Pressure tells us how much energy is available for work or for goal directed pursuits, and of the ability to sustain the energy consistently. Light pressure is connected with sensitivity, spirituality and idealism and often with great creativity. However, the potential is seldom fulfilled for lack of vitality and will power to follow through. Medium pressure is the norm. It is an indication of healthy vitality and consistent energy and will power. People with heavy pressure have a great deal of energy available to them and are usually strong willed, firm and easily excited. On the other hand, they can be stubborn and stern. When they are around you cannot ignore them.

Although we would not judge children’s handwriting as we would adults’, it is interesting to observe that kids who have behavior problems and are unpredictable in their work habits also have irregular writing pressure, e.g. sudden changes between light and strong pressure even within one work.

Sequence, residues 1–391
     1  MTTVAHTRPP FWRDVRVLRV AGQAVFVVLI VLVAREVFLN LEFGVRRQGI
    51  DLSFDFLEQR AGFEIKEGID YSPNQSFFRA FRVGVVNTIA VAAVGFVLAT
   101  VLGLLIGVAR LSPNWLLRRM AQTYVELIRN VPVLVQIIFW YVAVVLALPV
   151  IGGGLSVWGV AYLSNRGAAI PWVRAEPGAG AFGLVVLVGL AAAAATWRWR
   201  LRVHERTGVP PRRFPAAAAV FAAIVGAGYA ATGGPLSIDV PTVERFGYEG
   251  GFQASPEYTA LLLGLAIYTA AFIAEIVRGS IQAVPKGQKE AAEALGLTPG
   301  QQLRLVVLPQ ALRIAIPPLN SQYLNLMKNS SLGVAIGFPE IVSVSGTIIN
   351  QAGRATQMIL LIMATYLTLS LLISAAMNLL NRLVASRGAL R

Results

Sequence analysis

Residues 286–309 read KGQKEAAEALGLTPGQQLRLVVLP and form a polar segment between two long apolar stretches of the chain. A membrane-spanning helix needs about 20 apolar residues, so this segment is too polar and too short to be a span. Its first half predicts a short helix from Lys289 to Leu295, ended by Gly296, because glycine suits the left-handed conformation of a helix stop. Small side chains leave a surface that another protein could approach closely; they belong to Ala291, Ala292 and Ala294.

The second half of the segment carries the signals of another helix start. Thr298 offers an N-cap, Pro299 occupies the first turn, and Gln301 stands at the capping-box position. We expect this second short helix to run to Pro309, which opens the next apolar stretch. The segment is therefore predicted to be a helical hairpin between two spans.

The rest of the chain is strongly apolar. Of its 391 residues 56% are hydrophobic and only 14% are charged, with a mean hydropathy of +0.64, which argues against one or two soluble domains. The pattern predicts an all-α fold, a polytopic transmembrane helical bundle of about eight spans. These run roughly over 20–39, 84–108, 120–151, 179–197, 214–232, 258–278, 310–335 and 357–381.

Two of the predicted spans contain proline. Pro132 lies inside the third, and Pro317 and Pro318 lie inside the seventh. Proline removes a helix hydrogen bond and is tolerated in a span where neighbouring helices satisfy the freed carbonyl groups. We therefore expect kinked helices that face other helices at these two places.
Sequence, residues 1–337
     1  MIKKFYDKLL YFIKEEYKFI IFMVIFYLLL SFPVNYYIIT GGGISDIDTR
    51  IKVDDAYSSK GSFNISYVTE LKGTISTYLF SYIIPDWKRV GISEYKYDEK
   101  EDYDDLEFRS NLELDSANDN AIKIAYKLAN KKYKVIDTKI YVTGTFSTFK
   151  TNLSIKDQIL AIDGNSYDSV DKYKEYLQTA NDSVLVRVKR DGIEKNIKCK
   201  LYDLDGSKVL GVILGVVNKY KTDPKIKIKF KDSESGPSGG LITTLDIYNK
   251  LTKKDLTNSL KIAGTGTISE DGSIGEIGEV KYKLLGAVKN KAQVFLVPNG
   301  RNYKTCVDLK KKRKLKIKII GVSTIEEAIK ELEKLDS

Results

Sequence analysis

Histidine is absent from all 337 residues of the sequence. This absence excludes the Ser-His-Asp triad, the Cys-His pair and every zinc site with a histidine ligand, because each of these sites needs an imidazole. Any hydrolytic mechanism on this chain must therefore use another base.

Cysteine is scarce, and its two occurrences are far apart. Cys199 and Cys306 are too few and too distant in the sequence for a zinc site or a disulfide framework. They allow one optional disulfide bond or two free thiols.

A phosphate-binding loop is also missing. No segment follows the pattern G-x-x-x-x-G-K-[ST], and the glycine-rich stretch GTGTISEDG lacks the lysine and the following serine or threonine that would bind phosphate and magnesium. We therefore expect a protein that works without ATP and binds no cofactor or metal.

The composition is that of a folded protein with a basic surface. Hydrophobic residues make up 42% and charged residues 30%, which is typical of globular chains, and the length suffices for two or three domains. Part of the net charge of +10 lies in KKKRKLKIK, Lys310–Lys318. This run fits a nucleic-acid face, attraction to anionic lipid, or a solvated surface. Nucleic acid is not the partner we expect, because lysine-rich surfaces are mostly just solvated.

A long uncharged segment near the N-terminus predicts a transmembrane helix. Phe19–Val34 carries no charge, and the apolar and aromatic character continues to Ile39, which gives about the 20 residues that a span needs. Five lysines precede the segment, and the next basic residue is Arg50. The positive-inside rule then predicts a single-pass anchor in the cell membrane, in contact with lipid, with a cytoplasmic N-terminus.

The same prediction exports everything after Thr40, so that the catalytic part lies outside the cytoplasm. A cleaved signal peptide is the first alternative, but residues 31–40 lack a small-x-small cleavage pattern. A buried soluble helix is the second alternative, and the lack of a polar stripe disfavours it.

Aggressiveness can be seen when final strokes tend to enlarge toward the end.

[Image: Pressure Graphic.jpg]
Graphic Source: Self Knowledge through Handwriting by H.J. Jacoby, 1941, pp.103-104

This Month's Featured Author: Liora Laufer

Many thanks to Liora for providing us with these articles for our newsletter.

Liora Laufer, Certified graphologist, is the founder of Callirobics, which offers unique, self-guided programs of handwriting exercises to music to improve eye-hand coordination and fine-motor skills. Readers can reach Liora at 1-800-769-2891 or online at http://www.callirobics.com

Tags: Handwriting OT Article 26 March 2010 Newsletter